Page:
The prognosis of double primary cancer varies among different studies. However, the prognosis of double primary cancer has commonly been recognized to be poorer than for either HCC or ICC due to metastasis [30]. Cao retrospectively studied the clinical characteristics of 35 cases of double primary cancer and revealed that tumor recurrence developed in 77.1 % of patients, and distant metastases were detected in 20 % of patients after partial hepatectomy. The median overall survival (OS) was 18 months, and the 1-year, 3-year, 5-year OS rates were 60.0, 28.9, and 23.1 %, respectively [28].


In summary, we have reported a rare case of double primary liver cancer verified by pathological and immunohistochemical analysis. The clinical information remains inconclusive because of its rarity. There are many aspects of double primary liver cancer that differ from HCC or ICC. The preoperatively diagnosis is more difficult, the therapeutic effect remains unclear, the origin of it need further study, and the prognosis is poorer. We need to pay more attention to double primary liver cancer, and we need to accumulate more cases for further research.


Consent was obtained from the patient for publication of this case report.


CEUS, contrast-enhanced ultrasonography; cHCC-CC, combined hepatocellular carcinoma and cholangiocarcinoma; CT, computed tomography; HCC, primary hepatocellular carcinoma; HPCs, hepatic progenitor cells; ICC, intrahepatic cholangiocarcinoma; PEI, percutaneous ethanol injection; PLC, primary liver tumor; RFA, radiofrequency ablation; TACE, Transcatheter arterial chemoembolization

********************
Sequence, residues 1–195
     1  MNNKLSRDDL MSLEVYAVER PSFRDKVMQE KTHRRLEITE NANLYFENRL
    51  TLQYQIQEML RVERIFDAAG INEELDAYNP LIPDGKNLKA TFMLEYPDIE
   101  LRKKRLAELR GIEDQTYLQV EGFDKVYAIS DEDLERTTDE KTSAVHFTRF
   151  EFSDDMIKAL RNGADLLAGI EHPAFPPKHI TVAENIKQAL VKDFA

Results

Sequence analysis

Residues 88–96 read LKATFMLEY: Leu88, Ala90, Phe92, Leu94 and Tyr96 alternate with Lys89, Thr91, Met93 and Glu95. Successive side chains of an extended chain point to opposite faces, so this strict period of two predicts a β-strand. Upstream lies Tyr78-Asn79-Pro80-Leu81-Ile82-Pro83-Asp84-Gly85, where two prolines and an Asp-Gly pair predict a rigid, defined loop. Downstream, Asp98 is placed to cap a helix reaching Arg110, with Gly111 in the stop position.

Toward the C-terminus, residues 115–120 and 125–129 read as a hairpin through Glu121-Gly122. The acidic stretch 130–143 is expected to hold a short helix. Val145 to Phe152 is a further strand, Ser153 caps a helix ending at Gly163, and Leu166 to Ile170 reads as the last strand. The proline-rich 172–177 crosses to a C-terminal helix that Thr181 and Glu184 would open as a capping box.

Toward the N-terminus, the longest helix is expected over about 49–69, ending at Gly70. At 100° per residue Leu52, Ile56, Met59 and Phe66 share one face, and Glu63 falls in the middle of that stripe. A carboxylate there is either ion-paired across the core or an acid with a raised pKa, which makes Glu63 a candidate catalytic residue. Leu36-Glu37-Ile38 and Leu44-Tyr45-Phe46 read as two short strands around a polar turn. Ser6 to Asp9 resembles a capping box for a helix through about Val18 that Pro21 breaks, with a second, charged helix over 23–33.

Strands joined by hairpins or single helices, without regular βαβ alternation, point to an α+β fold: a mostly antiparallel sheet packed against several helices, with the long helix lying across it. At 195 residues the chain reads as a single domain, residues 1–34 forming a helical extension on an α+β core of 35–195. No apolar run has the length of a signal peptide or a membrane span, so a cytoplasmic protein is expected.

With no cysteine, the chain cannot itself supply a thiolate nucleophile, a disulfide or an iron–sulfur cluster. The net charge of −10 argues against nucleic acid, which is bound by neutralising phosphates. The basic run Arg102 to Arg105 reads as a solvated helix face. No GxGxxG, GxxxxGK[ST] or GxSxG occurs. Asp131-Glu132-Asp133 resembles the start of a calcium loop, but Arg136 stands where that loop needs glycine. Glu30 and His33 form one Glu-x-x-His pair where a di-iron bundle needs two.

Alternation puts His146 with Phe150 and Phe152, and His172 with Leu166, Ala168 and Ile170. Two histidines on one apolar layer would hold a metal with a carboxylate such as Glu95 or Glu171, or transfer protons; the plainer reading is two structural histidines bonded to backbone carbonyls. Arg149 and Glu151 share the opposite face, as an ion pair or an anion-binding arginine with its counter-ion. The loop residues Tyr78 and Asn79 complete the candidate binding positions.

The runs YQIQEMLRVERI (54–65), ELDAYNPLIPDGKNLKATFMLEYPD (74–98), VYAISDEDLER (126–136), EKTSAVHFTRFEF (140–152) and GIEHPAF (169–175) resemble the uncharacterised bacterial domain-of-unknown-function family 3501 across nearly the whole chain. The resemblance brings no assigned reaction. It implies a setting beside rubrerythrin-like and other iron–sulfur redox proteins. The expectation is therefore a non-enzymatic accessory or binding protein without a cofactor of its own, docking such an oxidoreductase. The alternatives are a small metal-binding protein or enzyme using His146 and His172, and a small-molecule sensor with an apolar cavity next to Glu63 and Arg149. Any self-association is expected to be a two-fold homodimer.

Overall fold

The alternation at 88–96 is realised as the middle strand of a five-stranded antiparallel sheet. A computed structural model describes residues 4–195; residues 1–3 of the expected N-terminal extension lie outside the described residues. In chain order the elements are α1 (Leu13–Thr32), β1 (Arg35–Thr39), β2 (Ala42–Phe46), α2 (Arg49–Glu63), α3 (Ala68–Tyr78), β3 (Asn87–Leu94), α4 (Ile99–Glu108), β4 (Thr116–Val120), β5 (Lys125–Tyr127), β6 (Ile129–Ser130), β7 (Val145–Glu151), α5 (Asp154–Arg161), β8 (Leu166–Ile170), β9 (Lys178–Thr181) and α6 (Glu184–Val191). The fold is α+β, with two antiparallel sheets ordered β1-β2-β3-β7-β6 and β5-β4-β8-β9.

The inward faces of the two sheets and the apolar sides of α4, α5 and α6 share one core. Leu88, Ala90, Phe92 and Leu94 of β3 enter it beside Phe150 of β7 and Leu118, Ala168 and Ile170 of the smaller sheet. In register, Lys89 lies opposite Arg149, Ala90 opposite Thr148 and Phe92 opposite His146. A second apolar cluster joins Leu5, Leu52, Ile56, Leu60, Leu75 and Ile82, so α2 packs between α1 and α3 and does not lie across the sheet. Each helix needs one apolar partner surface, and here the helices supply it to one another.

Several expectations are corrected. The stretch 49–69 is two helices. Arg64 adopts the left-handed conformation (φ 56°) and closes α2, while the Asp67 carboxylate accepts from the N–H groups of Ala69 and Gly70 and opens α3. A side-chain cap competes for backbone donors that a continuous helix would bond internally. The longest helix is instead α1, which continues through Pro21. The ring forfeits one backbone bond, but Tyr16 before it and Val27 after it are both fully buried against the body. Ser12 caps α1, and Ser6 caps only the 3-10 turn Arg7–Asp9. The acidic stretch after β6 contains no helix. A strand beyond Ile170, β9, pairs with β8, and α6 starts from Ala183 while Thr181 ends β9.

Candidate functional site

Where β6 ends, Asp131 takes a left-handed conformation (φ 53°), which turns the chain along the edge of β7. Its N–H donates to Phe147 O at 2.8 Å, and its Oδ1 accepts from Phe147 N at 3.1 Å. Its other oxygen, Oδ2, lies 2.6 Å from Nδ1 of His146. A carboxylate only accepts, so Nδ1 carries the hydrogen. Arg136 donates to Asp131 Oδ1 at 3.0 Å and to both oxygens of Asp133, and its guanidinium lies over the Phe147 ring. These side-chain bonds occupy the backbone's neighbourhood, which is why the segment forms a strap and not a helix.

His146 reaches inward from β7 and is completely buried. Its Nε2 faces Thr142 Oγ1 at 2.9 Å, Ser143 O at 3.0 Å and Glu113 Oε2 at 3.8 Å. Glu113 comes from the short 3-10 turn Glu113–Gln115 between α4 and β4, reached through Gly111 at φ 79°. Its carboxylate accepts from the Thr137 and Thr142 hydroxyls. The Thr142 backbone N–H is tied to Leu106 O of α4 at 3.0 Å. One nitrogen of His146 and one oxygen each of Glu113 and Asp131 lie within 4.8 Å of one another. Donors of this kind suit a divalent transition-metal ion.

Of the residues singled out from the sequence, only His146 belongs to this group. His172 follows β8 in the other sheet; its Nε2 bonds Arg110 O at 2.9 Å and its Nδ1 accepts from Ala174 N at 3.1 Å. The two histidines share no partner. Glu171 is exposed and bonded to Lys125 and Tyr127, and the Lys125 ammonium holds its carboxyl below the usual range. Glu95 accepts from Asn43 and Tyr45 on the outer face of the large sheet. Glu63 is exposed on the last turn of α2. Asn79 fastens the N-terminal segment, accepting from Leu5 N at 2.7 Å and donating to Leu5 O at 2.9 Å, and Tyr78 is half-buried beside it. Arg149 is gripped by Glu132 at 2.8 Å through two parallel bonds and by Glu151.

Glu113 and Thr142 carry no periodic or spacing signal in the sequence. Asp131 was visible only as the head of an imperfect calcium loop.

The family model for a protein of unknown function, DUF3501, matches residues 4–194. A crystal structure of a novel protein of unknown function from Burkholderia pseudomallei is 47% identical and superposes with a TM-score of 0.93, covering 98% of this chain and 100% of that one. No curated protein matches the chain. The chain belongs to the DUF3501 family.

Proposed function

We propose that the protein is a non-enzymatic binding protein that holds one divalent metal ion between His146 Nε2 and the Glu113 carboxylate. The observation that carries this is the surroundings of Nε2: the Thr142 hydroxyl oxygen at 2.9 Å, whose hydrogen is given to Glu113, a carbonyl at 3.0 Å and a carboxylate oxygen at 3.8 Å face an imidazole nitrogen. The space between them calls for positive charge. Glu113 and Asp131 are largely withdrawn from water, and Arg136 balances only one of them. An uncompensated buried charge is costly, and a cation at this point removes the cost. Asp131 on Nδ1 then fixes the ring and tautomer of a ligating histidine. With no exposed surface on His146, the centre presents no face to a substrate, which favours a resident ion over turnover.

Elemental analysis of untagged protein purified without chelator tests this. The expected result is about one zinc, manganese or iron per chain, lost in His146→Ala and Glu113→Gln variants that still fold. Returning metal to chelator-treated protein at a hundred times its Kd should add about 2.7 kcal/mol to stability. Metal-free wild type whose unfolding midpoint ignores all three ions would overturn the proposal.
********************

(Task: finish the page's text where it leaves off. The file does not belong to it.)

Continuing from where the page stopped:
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We would like to thank all members of our group.


This study was supported by the science and technology plan project of Jiangxi province (NO. 20151BBG70188).

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The datasets during and/or analysed during the current study available from the corresponding author on reasonable request.

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All authors read and approved the final manuscript.

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The authors declare that they have no competing interests.

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The patient signed informed consent and agreed the publication.

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This study was approved by the Institutional Review Board and Ethics Committee of The Second Affiliated Hospital of Nanchang University (No.[2015]013). The patient signed informed consent.

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Correspondence to Shubing Zou or Kai Wang.

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Hu, J., Yuan, R., Huang, C. et al. Double primary hepatic cancer (hepatocellular carcinoma and intrahepatic cholangiocarcinoma) originating from hepatic progenitor cell: a case report and review of the literature. World J Surg Onc 14, 218 (2016).